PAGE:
Christine de Schaetzen
Himalayan Art Online / PLAQUE D'UN VAISHNAVI EN ALLIAGE DE CUIVRE DORE REPOUSSE NEPAL, XVI/XVIIE SIECLE
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Global Head, Himalayan & Southeast Asian Art
Head of Sale, NY & HK - Indian, Himalayan & Southeast Asian Art
A GILT COPPER ALLOY REPOUSSÉ PLAQUE OF VAISHNAVI
NEPAL, 16TH/17TH CENTURY
Seated on Garuda, a mythic eagle-man, Vaishnavi represents the source (shakti) of the Hindu god Vishnu's power. She is popularly worshipped in Nepal as part of a group of Mother Goddesses (maitrikas), joining several others in this sale. A similar representation can be seen in the side registers of a Nepalese painting with nine matrikas in The Metropolitan Museum of Art, New York (2018.750).
Stylistically, the plaque stems from the Late Malla period (1482–1768 CE), displaying a comparable treatment of its flaming aureole as a 16th-/17th-century repoussé sculpture of Lokeshvara in the Rubin Museum of Art, New York (C2003.46.2; HAR 65289). A pair of very similar plaques, formerly in The Virginia House Museum, Richmond, were offered by Christie's, New York, 11 September 2019, lot 369. Two further related plaques of Ganesha from the same period are published in Neven, Etudes d'art lamaïque et de l'Himalaya, Brussels, 1978, nos.149 & 150. Another is in the Art Institute of Chicago (2008.701), attributed to the 16th/17th century.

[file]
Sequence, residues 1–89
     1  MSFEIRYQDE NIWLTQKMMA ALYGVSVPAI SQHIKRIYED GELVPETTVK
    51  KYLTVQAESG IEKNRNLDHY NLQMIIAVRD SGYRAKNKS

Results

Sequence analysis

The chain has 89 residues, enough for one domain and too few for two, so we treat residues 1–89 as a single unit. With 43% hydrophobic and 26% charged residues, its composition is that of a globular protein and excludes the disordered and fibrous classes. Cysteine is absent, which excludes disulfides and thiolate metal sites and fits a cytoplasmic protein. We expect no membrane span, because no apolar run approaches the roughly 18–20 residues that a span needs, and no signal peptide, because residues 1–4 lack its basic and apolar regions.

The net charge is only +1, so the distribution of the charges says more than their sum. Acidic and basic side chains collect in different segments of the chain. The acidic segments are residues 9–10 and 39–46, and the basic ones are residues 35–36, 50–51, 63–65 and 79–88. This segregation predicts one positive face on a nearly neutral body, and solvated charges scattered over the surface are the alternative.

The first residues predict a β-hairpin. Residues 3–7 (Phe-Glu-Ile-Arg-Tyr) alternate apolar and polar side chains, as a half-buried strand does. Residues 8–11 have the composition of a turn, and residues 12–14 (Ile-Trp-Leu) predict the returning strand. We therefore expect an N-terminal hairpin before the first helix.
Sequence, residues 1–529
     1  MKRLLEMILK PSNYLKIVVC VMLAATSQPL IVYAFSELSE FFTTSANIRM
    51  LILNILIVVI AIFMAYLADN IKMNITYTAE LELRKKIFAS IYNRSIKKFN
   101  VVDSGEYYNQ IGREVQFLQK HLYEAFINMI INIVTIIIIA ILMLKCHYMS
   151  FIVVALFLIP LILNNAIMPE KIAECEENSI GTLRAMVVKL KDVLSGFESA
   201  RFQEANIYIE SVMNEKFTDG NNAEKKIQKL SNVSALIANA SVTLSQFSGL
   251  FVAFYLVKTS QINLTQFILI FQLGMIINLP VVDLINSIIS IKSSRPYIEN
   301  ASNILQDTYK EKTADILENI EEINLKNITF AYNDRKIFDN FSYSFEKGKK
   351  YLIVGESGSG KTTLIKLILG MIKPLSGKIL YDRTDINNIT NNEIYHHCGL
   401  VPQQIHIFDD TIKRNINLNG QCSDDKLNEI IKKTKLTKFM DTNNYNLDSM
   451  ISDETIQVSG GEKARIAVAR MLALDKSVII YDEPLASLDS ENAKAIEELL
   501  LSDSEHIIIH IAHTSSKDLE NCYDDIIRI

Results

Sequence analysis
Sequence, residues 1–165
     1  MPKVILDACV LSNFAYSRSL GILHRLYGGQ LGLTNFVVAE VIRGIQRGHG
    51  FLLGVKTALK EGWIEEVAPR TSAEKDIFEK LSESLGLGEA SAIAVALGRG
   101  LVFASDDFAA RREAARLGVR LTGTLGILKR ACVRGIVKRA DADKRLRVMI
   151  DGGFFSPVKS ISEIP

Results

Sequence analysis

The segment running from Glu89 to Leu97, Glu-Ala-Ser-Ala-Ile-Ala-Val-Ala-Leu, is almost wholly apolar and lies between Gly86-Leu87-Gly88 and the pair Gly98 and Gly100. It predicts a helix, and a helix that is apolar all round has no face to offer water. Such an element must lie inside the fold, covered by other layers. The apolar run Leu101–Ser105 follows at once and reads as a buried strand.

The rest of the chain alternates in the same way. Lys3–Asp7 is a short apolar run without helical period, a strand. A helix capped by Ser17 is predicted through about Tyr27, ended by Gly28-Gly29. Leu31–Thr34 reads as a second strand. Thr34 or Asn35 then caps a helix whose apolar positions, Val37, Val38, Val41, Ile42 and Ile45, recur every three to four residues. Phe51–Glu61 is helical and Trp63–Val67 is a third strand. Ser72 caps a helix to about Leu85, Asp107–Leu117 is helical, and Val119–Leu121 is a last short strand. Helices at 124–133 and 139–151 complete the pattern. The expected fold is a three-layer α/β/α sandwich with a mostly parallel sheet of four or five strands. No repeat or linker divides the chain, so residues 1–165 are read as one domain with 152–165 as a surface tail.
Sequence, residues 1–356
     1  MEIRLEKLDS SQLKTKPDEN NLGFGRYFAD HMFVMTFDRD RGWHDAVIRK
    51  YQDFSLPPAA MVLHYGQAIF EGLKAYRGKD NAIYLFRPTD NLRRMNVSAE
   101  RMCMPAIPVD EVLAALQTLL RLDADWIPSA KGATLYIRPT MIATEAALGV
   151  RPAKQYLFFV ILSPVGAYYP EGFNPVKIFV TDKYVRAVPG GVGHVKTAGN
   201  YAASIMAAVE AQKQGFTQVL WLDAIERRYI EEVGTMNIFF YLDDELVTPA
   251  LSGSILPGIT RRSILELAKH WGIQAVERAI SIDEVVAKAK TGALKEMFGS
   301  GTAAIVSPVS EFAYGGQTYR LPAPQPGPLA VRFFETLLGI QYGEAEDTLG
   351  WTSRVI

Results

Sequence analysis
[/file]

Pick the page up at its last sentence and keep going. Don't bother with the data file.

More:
Private European Collection assembled in the 1960s and 1970s